As I wrote, new worlds of realization unfolded before me. If loving someone gives them residence within a portion of your being, then the removal of that person (whether it be a romantic partner, a mother, a friend, a pet, etc) from your life could be equated with an amputation. This amputation hurts in that particular way that we all recognize but is essentially indescribable through language. If you removed an arm, or a liver, you would be given massive doses of medication to stamp out the pain but those afflicted with this disease of being go without such assistance. You might feel that phantom limb perpetually haunting you, an ache for a piece of you that is no more.

It is comforting in a way, to realize that losing a loved one–of any nature–is essentially amputating a portion of your being, yanking out a necessary appendage. It makes me feel better, no doubt.

The following are responses I wrote for aforementioned class:


When you are with everyone but me,

you’re with no one

When you are with no one but me,

you’re with everyone

Instead of being so bound with with everyone,

be everyone

When you become that many, you’re nothing.




The majority of the time I don’t notice.

I remain indoors during sunsets.

I scurry to my destination on sunny days.

I focus on my fatigue instead of scenery on runs.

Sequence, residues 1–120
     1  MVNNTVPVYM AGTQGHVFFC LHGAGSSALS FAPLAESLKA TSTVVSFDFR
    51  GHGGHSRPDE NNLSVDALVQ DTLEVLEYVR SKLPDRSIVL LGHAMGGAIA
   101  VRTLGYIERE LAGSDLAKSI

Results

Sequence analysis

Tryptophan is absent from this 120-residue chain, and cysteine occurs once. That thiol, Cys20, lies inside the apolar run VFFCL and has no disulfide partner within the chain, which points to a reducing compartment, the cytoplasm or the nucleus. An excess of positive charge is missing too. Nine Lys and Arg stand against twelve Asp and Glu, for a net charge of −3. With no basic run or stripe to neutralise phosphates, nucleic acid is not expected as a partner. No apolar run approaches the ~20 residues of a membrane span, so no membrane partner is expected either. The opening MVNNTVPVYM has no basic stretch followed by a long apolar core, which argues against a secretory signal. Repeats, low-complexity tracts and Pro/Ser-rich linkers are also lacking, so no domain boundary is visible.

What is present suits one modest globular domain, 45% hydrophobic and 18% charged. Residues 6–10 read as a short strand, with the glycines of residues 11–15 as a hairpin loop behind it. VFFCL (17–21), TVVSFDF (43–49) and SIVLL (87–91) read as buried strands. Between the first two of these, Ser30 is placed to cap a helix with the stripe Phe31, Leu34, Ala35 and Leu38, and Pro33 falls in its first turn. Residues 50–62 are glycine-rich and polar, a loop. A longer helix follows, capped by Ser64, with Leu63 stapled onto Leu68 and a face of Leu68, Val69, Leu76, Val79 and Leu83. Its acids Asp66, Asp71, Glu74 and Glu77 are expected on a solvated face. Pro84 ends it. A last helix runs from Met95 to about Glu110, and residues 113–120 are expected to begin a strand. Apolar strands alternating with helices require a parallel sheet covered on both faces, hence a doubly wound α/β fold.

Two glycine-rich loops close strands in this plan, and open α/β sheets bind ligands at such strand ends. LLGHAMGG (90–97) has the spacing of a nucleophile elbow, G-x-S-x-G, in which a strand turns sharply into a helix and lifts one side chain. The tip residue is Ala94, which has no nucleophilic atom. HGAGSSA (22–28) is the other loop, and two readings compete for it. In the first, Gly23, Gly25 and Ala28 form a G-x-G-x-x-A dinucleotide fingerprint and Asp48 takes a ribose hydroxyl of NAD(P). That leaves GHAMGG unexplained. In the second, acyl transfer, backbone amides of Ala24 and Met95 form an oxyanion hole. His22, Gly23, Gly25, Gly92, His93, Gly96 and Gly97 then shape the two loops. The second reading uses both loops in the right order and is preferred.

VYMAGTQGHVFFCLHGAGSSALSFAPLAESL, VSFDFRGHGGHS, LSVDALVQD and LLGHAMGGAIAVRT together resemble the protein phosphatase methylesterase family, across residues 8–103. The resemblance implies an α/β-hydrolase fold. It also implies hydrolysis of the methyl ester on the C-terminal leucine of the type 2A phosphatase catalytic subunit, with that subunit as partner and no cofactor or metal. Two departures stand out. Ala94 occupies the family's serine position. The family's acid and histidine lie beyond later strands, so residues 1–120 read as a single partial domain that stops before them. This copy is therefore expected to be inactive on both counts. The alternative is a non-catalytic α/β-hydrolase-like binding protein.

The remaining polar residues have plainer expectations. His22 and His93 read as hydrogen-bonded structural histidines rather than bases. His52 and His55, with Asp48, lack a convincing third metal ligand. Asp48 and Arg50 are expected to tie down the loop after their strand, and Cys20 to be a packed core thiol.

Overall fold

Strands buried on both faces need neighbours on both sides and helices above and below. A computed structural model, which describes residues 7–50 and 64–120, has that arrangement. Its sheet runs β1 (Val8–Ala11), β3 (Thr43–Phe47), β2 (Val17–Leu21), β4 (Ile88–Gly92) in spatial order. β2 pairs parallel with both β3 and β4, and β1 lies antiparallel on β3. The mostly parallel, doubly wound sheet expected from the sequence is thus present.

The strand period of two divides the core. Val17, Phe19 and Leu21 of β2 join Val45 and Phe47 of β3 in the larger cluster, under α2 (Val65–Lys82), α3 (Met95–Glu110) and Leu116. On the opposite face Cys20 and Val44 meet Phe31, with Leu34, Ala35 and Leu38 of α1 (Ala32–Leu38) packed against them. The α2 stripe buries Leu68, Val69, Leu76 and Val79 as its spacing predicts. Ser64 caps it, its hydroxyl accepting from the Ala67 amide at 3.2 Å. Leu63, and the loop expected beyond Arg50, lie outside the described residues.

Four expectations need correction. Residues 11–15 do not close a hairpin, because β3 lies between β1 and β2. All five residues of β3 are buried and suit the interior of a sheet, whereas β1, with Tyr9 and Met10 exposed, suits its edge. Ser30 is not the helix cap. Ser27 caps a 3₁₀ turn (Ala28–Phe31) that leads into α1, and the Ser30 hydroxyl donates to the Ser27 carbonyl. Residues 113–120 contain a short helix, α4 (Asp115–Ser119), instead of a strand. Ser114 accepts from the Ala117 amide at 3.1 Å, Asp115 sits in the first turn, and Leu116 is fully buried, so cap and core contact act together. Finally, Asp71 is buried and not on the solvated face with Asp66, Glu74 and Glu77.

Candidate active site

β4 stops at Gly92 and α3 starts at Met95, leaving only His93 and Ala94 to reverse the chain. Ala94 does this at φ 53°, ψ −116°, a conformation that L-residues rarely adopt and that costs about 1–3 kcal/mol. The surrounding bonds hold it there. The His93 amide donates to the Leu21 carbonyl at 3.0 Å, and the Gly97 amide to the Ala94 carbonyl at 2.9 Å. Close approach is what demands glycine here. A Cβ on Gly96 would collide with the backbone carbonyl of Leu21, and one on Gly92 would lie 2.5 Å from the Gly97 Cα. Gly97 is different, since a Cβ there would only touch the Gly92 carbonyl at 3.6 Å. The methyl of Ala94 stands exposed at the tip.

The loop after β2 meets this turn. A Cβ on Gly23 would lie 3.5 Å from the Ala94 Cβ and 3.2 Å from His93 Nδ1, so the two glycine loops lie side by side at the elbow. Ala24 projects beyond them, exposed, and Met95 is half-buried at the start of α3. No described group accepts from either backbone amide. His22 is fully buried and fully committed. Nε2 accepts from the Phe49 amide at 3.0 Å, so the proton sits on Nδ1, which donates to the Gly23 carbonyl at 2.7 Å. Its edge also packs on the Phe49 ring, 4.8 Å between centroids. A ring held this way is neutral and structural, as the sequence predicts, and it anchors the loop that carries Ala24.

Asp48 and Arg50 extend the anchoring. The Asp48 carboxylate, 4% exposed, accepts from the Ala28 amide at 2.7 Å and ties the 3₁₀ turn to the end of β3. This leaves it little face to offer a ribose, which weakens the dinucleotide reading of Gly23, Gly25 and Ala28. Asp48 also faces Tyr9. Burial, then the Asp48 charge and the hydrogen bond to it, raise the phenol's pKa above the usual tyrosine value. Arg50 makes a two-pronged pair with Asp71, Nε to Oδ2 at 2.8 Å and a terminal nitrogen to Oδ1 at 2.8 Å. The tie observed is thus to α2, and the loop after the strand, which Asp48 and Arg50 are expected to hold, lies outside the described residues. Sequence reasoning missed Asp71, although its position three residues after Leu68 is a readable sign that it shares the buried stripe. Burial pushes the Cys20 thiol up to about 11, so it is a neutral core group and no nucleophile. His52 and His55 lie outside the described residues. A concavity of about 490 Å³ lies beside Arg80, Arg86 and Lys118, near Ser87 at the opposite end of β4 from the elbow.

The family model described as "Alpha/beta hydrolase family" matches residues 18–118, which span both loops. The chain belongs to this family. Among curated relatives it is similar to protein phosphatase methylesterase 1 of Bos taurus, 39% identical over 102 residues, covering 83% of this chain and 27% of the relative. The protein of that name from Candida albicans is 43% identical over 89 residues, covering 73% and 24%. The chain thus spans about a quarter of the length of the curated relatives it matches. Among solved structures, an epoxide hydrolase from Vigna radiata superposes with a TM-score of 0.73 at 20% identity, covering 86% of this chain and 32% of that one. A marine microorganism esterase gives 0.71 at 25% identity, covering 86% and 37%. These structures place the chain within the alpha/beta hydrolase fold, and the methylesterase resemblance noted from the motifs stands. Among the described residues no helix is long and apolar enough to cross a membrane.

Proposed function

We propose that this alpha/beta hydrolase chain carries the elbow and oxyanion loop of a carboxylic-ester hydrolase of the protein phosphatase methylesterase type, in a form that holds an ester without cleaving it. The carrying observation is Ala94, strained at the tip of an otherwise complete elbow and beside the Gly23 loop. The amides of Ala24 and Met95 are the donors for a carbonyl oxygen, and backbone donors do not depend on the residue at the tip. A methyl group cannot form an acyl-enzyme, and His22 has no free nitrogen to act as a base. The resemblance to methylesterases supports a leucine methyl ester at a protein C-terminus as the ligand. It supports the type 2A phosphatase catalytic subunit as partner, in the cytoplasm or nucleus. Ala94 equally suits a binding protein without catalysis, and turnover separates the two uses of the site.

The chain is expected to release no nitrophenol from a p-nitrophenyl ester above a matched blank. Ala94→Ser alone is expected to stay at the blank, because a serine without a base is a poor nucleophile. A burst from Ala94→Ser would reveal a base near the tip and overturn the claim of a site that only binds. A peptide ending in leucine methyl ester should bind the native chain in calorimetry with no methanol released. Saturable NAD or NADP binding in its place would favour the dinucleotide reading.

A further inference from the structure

I shiver with cold, instead of delight at the top of mountain peaks. My sandwich becomes the most beautiful thing in that moment.

Every once in awhile though, I get distracted from whatever endeavor I am currently involved in and allow wonder to creep in the cracks of my consciousness.

Growing up in Albuquerque has spoiled me to some extent, in regards to the fact that everyday is so ludicrously breathtaking that residents tend to develop an immunity to it. This is a horrible, life threatening affliction in my opinion because if you lose the capability of appreciating such beauty–how can you possibly appreciate your existence as a whole?

The colors in Albuquerque are so vivid it seems impossible that they actually exist. It is incomprehensible that everything should exist in such precise clarity and perfection–I feel as though I have grown up in a painting.

We each represent a brushstroke in this grand portrait.


and yet, while ABQ represents a very particular kind of majestic allure–it is an epidemic in the very best way (epidemic is without a doubt the wrong word, but i’m going with it anyways)–that this wonder exists everywhere, in a very individualized way.